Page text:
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Monday, December 23, 2013

Ancient human genomes suggest (more than) three ancestral populations for present-day Europeans

This new preprint at bioRxiv is quite the Christmas present for those of us with a passion for European genetics and prehistory. It's the first paper to report on full genomes from Mesolithic and Neolithic Europe.

All of the successfully tested Mesolithic Y-chromosomes, one from Luxembourg and four from Motala, Sweden, belonged to haplogroup I. This probably won't come as a surprise to many people, as this marker was always the main candidate for Europe's indigenous Y-haplogroup. However, three of the results fell into haplogroup I2a1b, and none into I1, which is today the most common Y-haplogroup in most of Scandinavia.

What this suggests is that I1 expanded after the Mesolithic and replaced most of the I2a1b across Northwestern Europe. I'd say these were mostly expansions from North-Central Europe, although recent chatter on the web suggests that two distinct I1 lineages might have arrived in North-Central Europe from Eastern Europe at different times.

All of the Mesolithic mtDNA sequences belonged to haplgroups U2 and U5, which is line with past results. The single Neolithic sample, from a 7500 year-old Linearbandkeramik (LBK) site in Stuttgart, Germany, belonged to mtDNA haplogroup T2. Again, not very surprising considering what we've seen to date.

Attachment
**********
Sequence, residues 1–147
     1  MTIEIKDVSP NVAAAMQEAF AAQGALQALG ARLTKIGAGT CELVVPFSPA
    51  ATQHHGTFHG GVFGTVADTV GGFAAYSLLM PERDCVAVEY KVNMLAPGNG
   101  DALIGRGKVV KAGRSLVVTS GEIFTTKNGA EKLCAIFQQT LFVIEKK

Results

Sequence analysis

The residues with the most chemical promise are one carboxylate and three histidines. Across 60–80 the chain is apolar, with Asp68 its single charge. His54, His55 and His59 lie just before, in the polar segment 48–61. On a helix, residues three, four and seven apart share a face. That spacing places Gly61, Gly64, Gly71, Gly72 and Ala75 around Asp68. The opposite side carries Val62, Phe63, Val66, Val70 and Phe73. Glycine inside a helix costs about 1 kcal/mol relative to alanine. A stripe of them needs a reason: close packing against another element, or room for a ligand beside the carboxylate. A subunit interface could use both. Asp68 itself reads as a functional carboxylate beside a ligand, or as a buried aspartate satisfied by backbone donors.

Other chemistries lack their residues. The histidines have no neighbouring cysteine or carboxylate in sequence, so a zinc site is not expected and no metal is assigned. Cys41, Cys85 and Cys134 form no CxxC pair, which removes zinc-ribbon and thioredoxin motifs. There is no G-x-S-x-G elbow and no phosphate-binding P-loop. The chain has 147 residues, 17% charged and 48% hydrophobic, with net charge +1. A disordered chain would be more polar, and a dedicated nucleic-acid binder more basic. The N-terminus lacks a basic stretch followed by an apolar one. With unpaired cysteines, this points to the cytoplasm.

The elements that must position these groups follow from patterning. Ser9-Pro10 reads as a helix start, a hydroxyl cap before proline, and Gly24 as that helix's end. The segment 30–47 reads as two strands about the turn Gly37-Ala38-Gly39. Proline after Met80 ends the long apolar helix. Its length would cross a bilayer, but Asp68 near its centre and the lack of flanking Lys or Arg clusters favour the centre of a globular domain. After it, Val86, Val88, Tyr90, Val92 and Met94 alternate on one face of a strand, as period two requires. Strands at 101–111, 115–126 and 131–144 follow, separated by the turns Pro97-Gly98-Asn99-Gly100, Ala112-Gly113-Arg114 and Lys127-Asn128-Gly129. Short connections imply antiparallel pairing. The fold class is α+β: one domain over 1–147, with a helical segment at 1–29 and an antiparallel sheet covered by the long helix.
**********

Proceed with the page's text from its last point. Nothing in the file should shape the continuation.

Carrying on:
The genome-wide results, on the other hand, are not as straightforward. The basic upshot is that Northern Europeans are mostly of indigenous European hunter-gatherer origin, while Southern Europeans are largely derived from Neolithic farmers of mixed European and Near Eastern origin. But the authors identify a minimum of three ancestral populations from their stats (WHG, EEF and ANE), and four meta-populations from the available ancient data (WHG, EEF, ANE and SHG). Here are brief summaries of each of these groups:

West European Hunter-Gatherer (WHG): this ancestral component is based on an 8,000 year-old forager from the Loschbour rock shelter in Luxembourg (one of the individuals mentioned above belonging to I2a1b). The WHG meta-population includes the Loschbour sample and two Mesolithic individuals from the La Brana Cave in Spain. However, today the WHG component peaks among Estonians and Lithuanians, in the East Baltic region, at almost 50%.

Early European Farmer (EEF): apparently this is a hybrid component, the result of mixture between "Basal Eurasians" and a WHG-like population possibly from the Balkans. It's based on the aforementioned LBK farmer from Stuttgart, but today peaks at just over 80% among Sardinians. Apart from the Stuttgart sample, the EEF meta-population includes Oetzi the Iceman and a Neolithic Funnelbeaker farmer from Sweden.